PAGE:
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Nutritional Characteristics of Camelina Meal for Broiler Chickens

17 March 2015

Poultry Science journal

Research carried out in the US and Turkey indicates that camelina meal is poorly utilised by three-week-old broilers.

Limited information on nutritional characteristics on camelina meal for broiler chickens limits its use in diets of broiler chickens, according to O. Adeola of Purdue University.

Together with co-authors there and at Istanbul in Turkey, the researchers explain in a paper published in Poultry Science that they aimed to determine the ileal digestible energy (IDE), metabolisable energy (ME) and nitrogen-corrected ME (MEn) contents of two different camelina meals (CM1 and CM2) for three-week-old broiler chickens using the regression method and to determine glucosinolate compounds in the camelina meal samples.

The CM1 and CM2 were incorporated into a corn-soybean meal-based reference diet at three levels (0, 100 or 200g per kg) by replacing the energy-yielding ingredients.

These five diets (reference diet, and 100 and 200g per kg camelina meal from each of CM1 and CM2) were fed to 320 male Ross 708 broilers from days 21 to 28 post hatching with eight birds per cage and eight replicates per treatment in a randomised complete block design.

Excreta were collected twice daily from days 25 to 28, and jejunal digesta and ileal digesta from the Meckel's diverticulum to approximately 2cm proximal to the ileo-caecal junction were collected on day 28.

Total glucosinolate content for CM1 and CM2 were 24.2 and 22.7nmol per mg, respectively.

Jejunal digesta viscosity was linearly increased (P<0.001) from 2.2 to 4.1 centipoise (cP) with increasing dietary camelina meal levels.

There were linear effects (P<0.001) of CM1 and CM2 substitution on final weight, weight gain, feed intake and gain:feed ratio.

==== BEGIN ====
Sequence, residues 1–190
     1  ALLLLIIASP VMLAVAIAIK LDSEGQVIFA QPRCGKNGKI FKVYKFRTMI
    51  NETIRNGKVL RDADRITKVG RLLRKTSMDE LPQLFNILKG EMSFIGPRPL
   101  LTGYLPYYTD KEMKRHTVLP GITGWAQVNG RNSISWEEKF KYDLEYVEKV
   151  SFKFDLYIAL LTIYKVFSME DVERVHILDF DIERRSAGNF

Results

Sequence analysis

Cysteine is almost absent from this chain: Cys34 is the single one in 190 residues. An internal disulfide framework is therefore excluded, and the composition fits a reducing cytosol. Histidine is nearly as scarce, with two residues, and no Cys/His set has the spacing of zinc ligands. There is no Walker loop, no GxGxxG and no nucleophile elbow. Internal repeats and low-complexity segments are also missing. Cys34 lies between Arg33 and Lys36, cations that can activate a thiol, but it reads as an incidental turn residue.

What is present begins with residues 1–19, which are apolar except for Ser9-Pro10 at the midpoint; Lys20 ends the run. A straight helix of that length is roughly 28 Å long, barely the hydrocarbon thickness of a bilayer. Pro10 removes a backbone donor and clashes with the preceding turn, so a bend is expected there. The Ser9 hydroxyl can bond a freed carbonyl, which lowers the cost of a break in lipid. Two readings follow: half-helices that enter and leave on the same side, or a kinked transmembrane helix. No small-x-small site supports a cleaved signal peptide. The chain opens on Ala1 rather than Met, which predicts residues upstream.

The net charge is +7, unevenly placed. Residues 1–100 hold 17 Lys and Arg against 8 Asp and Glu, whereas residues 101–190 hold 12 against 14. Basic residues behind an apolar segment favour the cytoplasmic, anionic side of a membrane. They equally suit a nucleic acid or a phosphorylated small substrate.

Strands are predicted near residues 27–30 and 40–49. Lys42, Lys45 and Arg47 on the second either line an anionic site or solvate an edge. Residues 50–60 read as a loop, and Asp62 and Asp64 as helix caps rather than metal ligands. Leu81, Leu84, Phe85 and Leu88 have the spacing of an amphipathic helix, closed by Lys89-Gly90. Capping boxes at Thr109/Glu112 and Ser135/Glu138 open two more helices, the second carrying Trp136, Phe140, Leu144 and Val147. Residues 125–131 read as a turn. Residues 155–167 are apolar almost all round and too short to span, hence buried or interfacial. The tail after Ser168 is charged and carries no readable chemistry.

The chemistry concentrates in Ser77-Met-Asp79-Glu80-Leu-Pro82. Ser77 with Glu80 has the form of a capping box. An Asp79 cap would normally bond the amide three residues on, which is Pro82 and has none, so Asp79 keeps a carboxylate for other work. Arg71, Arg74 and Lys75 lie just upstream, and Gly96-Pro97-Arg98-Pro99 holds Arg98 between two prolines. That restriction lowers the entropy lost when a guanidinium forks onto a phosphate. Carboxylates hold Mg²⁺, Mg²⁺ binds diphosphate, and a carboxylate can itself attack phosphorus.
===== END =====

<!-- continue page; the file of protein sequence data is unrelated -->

The inclusion of CM1 and CM2 linearly decreased (P<0.001) ileal digestibility of dry matter (DM), energy and IDE.

The supplementation of CM1 and CM2 linearly decreased (P<0.001) the retention of DM, nitrogen, and energy; ME, and MEn.

By regressing the CM1 and CM2-associated IDE intake in kilocalories against kilograms of CM1 and CM2 intake, the IDE regression equation was:

  • Y = −10 + 1,429 × CM1 + 2,125 × CM2, r2=0.55

which indicates that IDE values were 1,429kcal per kg of DM for CM1 and 2,125kcal per kg of DM for CM2.

The ME regression was:

  • Y = 5 + 882 × CM1 + 925 × CM2, r2=0.54

which implies ME values of 882kcal per kg of DM for CM1 and 925kcal per kg of DM for CM2.

MEn regression was:

  • Y = 2 + 795 × CM1 + 844 × CM2, r2 = 0.52

which implies MEn values of 795kcal per kg of DM for CM1 and 844kcal per kg of DM for CM2.

Based on these results, Adeola and co-authors concluded that the utilisation of energy and nitrogen in camelina meal by broiler chickens is low and the high viscosity observed in jejunal digesta as well as the total glucosinolate in camelina meal may have contributed to the poor energy and nitrogen utilisation.


Pekel A.Y., J.I. Kim, C. Chapple and O. Adeola. 2015. Nutritional characteristics of camelina meal for 3-week-old broiler chickens. Poultry Science. 94:371-378. doi: 10.3382/ps/peu066

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March 2015

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